A look at ethics and popular Youtubers

Recently popular YouTubers and other content creators have made videos which were meant to get huge views for money but just ended up creating controversy. These videos either ended in backlash or with the people in the video getting in trouble with the law.

Logan Paul has faced backlash over what he did in Japan, such as make racist jokes. Although, he created the most media buzz filming a dead body in the so-called “Suicide Forest” for views and money, while being insensitive about filming the body and making jokes about it on top of that. Nevertheless, he wasn’t the first one to try to get views by being thoughtless towards how others feel.

Other YouTube channels have made videos that were either pranks that had gone too far or staged inconsiderate pranks. One of these people was Joey Salads who put a car that supported Donald Trump in a mostly African-American neighborhood to see what would happen. However, somebody filmed them from a rooftop so that you could clearly see the prank was staged and that this was a cruel video to make. Why add drama when you don’t need to? I mean if this was real that would be different, but he staged a social experiment just for views and it ended up riling up tensions between voters. That is not okay, especially considering what the video means to all people including his subscribers.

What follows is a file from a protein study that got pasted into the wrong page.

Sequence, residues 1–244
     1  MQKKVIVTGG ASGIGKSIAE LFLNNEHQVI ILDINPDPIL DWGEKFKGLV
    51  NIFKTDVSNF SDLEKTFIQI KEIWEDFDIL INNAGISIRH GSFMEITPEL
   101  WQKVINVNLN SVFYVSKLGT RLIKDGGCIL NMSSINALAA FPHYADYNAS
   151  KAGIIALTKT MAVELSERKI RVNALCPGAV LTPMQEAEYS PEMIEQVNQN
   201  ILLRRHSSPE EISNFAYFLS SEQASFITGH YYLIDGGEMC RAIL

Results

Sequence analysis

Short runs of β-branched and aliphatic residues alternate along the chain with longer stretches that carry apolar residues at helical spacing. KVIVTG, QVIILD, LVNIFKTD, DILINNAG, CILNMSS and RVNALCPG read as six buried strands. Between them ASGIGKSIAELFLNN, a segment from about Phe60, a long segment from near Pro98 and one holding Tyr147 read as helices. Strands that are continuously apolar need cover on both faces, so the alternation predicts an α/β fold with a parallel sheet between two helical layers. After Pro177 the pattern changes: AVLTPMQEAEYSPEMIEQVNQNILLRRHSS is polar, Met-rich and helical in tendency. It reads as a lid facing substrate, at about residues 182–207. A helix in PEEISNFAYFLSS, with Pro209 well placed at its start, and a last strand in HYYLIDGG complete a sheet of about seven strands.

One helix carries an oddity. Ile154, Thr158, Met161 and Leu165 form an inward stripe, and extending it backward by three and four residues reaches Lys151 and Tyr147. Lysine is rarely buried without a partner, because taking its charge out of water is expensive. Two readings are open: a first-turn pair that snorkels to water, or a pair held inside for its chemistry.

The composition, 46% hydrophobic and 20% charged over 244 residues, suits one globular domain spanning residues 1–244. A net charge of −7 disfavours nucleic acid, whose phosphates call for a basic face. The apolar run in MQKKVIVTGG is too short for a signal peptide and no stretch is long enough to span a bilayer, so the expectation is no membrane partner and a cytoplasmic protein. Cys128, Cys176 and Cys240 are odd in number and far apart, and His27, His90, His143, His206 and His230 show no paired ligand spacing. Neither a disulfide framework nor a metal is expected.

Other YouTube videos have ended up with people getting in trouble with the law such as videos from Trollstation, a popular prank channel, where they pretended to rob an art gallery in masks or from TmarTN, another popular YouTube channel, where he promoted a gambling site as a money maker but didn’t disclose that he owned the site and had to go to court over it.           

All these videos were made to make money from views or from promoting personal websites they owned and they all ended in backlash as they should have. The problem is that while YouTube pays YouTubers to get views and subscribers, it is up to the YouTubers to make interesting videos without having to make insensitive videos. If these YouTubers don’t want backlash then they should think when editing that video, could this be controversial?

Some students at Leigh had ideas on how they can avoid media repercussion, such as Xavier Viramontes, junior, who said, “They can avoid controversy by not being so stupid … post content that is for all ages and groups. That is appropriate for all ages and groups too.”

Bryant Draper, freshman said,  “[They can] avoid being controversial by not putting anything that might offend anyone into their content such as racism and sexuality.”

“Content creators can be controversial because they can say something … and then in another video they can say something that was against what they said before and those things might be against the community,” said Avi Singh, freshman.  If it is controversial, don’t post that video and live on being a successful YouTuber who still gets tons of views without having to do anything to sacrifice reputation.